I recently read an article that was sent to me by Emily Patterson. Emily Patterson is the Communications Coordinator at Primrose Schools. I really enjoyed this article as it’s about ASL and children learning to communicate in different languages at young ages. Communicating in this big busy world we live in, in different ways is very important to me. It is important to me because I want my children to communicate with other people no matter their language.
I started signing with both Finley and Ezra when they were about 5 months old. It took a while for Finley to actually start using the signs, but she knew what they meant and when I would show them to her she would nod in agreement or verbally let me know with a gleeful shout. Ezra is displaying the same behavior at this time. So I think he will be starting to show me the signs soon. Finley still sometimes uses them while communicating with me, and she also uses them with Ezra.
Now I’m not fluent in ASL. I pretty much only know the basics. More, please, thank you, cracker, milk, and all done. With my experience with sign, even though it’s not a lot, I have felt like it has been a great tool to communicate with my babies. After Reading this article (which I will be sharing with you and posting below)I want to continue with ASL. I want to learn and I want to teach Finley and Ezra more.
Early Childhood Education – Acquiring Sign Language
One of the keys to surviving in a tilted economic system in which opportunities to achieve a decent standard of living will be limited is versatility – and the ability to communicate articulately in a variety of ways with the widest possible audience. This includes bilingual ability as well as the ability to communicate in non-verbal ways for the benefit of the disabled – primarily the deaf.
At the same time, a growing shortage of qualified interpreters fluent in American Sign Language has led to more career opportunities – and if current trends continue, it’s likely that skilled ASL interpreters will have little problem securing lucrative employment in a society where such a commodity is destined to be in short supply.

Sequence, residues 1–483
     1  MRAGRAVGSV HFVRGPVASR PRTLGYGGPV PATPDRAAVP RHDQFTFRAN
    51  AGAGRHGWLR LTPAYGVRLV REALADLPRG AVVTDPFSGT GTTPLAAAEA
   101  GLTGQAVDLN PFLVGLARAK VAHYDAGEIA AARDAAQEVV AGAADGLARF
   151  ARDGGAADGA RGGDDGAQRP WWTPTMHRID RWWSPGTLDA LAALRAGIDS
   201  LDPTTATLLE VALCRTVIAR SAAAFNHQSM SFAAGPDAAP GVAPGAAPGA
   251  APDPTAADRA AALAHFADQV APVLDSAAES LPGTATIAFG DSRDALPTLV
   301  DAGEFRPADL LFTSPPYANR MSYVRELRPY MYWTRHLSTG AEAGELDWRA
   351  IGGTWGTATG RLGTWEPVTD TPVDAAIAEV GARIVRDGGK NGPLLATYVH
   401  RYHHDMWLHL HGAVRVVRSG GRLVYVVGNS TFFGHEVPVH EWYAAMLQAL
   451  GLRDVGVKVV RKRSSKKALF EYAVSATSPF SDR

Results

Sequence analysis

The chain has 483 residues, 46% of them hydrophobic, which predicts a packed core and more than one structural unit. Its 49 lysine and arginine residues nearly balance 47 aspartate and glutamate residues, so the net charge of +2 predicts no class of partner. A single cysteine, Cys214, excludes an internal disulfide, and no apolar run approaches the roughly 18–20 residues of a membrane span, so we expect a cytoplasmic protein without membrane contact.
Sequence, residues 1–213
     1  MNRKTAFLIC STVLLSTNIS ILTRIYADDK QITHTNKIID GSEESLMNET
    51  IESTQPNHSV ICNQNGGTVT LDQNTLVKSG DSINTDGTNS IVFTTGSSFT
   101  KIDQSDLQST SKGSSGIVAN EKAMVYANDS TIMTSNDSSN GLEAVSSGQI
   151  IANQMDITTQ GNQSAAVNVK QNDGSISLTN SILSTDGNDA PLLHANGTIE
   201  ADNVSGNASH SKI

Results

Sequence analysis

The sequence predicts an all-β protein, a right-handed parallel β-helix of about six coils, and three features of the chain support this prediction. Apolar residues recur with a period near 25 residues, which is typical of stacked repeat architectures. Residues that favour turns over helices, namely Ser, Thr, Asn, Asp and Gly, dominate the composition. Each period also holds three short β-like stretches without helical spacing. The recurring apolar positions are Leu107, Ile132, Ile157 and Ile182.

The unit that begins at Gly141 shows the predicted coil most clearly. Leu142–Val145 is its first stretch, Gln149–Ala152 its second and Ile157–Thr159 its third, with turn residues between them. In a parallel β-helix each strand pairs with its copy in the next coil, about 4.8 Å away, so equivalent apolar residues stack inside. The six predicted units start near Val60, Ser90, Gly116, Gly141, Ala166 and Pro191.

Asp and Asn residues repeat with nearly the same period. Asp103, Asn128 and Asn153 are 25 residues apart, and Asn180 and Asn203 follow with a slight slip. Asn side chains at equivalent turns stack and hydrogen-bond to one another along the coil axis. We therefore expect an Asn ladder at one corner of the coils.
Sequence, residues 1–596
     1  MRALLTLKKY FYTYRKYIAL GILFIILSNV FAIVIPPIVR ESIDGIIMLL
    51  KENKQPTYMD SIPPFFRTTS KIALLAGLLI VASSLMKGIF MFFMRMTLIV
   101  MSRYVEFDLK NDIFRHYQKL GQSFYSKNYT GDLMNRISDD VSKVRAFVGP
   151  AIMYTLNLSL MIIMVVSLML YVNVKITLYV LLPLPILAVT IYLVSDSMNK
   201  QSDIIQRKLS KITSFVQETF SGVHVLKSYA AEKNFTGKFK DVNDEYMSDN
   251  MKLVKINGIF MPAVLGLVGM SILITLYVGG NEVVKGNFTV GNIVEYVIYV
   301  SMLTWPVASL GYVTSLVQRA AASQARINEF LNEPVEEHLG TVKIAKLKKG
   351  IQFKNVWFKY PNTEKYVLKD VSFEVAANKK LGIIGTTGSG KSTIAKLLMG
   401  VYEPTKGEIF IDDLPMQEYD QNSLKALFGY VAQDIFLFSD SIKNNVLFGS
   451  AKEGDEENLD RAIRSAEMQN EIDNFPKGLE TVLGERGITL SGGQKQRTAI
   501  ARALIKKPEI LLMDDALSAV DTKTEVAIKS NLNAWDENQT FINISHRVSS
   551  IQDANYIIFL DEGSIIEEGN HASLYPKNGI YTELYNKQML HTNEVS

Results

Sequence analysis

Signing Before They Can Speak
A great deal of research has clearly demonstrated that the early years – ages 2 to five – are the best time to educate children in different modes of communication and language. This goes beyond the spoken word (though it is an optimal time for children to learn a second language); many young children have an aptitude for signing as well.
This is not as odd as you may think. As you know, many indigenous peoples around the world, including American Indian nations, have used sign language for centuries to facilitate communication with other tribes with whom they do not share a language. Some paleontologists and anthropologists theorize that Neanderthals – who apparently lacked the vocal mechanism to produce many spoken words – depended a great deal upon hand gestures to communicate.
In fact, recent research suggests that sign language is innate. An article published in the Boulder Daily Camera in 2003 presented strong evidence that babies as young as six months old communicate with their hands:
“…by 6 to 7 months, babies can remember a sign. At eight months children can begin to imitate gestures and sign single words. By 24 months, children can sign compound words and full sentences. They say sign language reduces frustration in young children by giving them a means to express themselves
before they know how to talk.” (Glarion, 2003)
The author also cites study funded by the National Institute of Child Health and Human Development demonstrating that young children who are taught sign language at an early age actually develop better verbal skills as they get older. The ability to sign has also helped parents in communicating with autistic children; one parent reports that “using sign language allowed her to communicate with her [autistic] son and minimized his frustration…[he now] has an advanced vocabulary and excels in math, spelling and music” (Glarion, 2003).
The Best Time To Start
Not only does early childhood education in signing give pre-verbal youngsters a way to communicate, it can also strengthen the parent-child bond – in addition to giving children a solid foundation for learning a skill that will serve them well in the future. The evidence suggests that the best time to start learning ASL is before a child can even walk – and the implications for facilitating the parent-child relationship are amazing.
Co-written by Emily Patterson and Kathleen Thomas
Emily and Kathleen are Communications Coordinators for the network of Texas child care facilities belonging to the AdvancED® accredited family of Primrose child care schools. Primrose Schools are located in 16 states throughout the U.S. and are dedicated to delivering progressive, early childhood, Balanced Learning® curriculum throughout their preschools.